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Abacus

The word is derived from the Greek word 'abax', meaning calculating board or
calculating table. The first Chinese Abacus was invented around 500 B.C.
The Abacus, as we know it today, was used in China around 1300 A.D.
John Napier & Napier's Bones
In the early 17th century, John Napier, a Scottish mathematician, invented another
calculating tool. It used marked strips of wood or bone, side by side, to multiply
and divide. This tool became known as "Napier's Bones."

1642-Biaise Pascal & The Pascaline

1673-Wilhelm Gottfried Liebniz and The Stepped


Reckoner
In 1673, German inventor Gottfried Liebniz perfected the Liebniz Calculator.

1801-Joseph-Marie Jacquard & the Jacquard's


Loom
In 1801, Jacquard invented the Jacquard loom.

Charles Babbage & his Engines


n the early 1820s, an English mathematician by the name charles Babbage,
designed a computing machine called the Difference Engine. This machine was to
be used in the calculating and printing of simple math tables. In the 1830s, he
designed a second computing machine called the Analytical Engine. This machine
was to be used in calculating complicated problems by following a set of
instructions.

Analytical Engine
The Analytical Engine was a mechanical computer that can solve any
mathematical problem. It uses punch-cards similar to those used by the Jacquard
loom and can perform simple conditional operations.

Difference Engine
However, neither of these machines were ever finished because the technology at
the time was not advanced enough, and both of his projects lacked financial
funding. The computing machines made in the 1900s, and even those today are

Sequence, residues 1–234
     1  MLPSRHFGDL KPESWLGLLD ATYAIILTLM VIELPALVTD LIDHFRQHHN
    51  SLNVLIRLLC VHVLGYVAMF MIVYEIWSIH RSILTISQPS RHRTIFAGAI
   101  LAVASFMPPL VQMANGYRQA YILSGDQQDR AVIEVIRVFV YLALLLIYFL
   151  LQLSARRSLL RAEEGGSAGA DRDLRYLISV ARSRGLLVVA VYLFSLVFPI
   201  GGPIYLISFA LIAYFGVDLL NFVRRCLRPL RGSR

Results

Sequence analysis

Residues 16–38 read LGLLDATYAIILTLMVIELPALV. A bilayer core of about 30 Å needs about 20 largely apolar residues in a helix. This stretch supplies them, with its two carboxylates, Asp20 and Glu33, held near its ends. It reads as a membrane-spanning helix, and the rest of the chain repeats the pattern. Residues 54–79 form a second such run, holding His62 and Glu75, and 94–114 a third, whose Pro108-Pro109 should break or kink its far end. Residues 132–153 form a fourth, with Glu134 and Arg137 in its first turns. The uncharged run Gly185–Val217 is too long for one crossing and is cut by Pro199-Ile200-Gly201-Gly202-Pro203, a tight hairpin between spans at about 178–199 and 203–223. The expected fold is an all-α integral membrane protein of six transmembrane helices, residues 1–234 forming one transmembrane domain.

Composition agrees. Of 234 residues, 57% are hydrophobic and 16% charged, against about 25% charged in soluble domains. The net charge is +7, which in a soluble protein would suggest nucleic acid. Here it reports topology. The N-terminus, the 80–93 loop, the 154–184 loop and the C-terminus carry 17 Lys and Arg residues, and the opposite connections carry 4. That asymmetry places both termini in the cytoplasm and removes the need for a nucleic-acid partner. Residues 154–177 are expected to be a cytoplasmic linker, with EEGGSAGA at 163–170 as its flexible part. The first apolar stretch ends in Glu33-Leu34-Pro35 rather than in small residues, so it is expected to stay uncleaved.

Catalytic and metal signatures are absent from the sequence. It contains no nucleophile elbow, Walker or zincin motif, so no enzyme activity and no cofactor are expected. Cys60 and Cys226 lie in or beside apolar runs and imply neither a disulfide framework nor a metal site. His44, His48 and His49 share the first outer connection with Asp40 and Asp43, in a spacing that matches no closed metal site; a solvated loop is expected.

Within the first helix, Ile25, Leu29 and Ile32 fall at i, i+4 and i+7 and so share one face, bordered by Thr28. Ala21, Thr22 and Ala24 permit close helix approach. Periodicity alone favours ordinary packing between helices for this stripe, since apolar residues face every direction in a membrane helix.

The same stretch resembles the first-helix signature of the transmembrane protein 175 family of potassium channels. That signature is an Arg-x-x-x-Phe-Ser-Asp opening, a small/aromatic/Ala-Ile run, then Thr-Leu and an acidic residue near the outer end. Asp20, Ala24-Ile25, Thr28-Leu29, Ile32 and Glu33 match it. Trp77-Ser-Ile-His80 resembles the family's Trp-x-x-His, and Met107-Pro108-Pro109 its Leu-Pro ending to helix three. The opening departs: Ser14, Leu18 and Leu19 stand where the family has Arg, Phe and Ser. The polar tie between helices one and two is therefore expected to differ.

based on the designs of the Difference Engine and the Analytical Engine. This is
why charles Babbage is known as the "Father of Computers."

Augusta Ada Byron, Countess of Lovelace

Electro-mechanical Machines
1890-Herman Hollerith & his Tabulating Machine

1930-Vannevar Bush and the Differential Analyzer


In 1930, Vannevar Bush introduced the first electronic "computer" in the United
States.

1944-Howard Aiken and the Mark I


In 1944, IBM paid engineers to build Aiken's machine. Called the Mark I, it was
made up of 78 adding machines and desk calculators that were connected by
almost 500 miles of wires. In one second, the Mark I could add three eight-digit
numbers; for example, 12,345,678 plus 90,123,456 plus 78,901,234. It could print
out its results on punched cards or on an electric typewriter.

A Colossus to solve an Enigma


The First Generation: 1945-1956 (The Vacuum
Tube Years)
The Second Generation: 1956-1963 (The Era of
the Transistor)
The Third Generation: 1965-1970 (Integrated
Circuits-Miniaturizing the Computer)
The Fourth Generation: 1971-Today (The
Microprocessor)
The Fifth Generation: Present & Beyond (Artificial
Intelligence)

ADSL Asymmetric Digital Subscriber Line


AGP Accelerated Graphics Port
ALI Acer Labs, Incorporated
ALU Arithmetic Logic Unit
AMD Advanced Micro Devices
APC American Power Conversion
ASCII American Standard Code for Information Interchange
ASIC Application Specific Integrated Circuit
ASPI Advanced SCSI Programming Interface
AT Advanced Technology
ATI ATI Technologies Inc.
ATX Advanced Technology Extended

B
BFG BFG Technologies
BIOS Basic Input Output System
BNC Barrel Nut Connector

C
COMPUTER Common Operating Machine particularly Used For Trade, Education
and Research.
CAS Column Address Signal
CD Compact Disk
CDR Compact Disk Recorder

CDRW Compact Disk ReWriter


CD-ROM Compact Disk - Read Only Memory
CFM Cubic Feet per Minute
CMOS Complementary Metal Oxide Semiconductor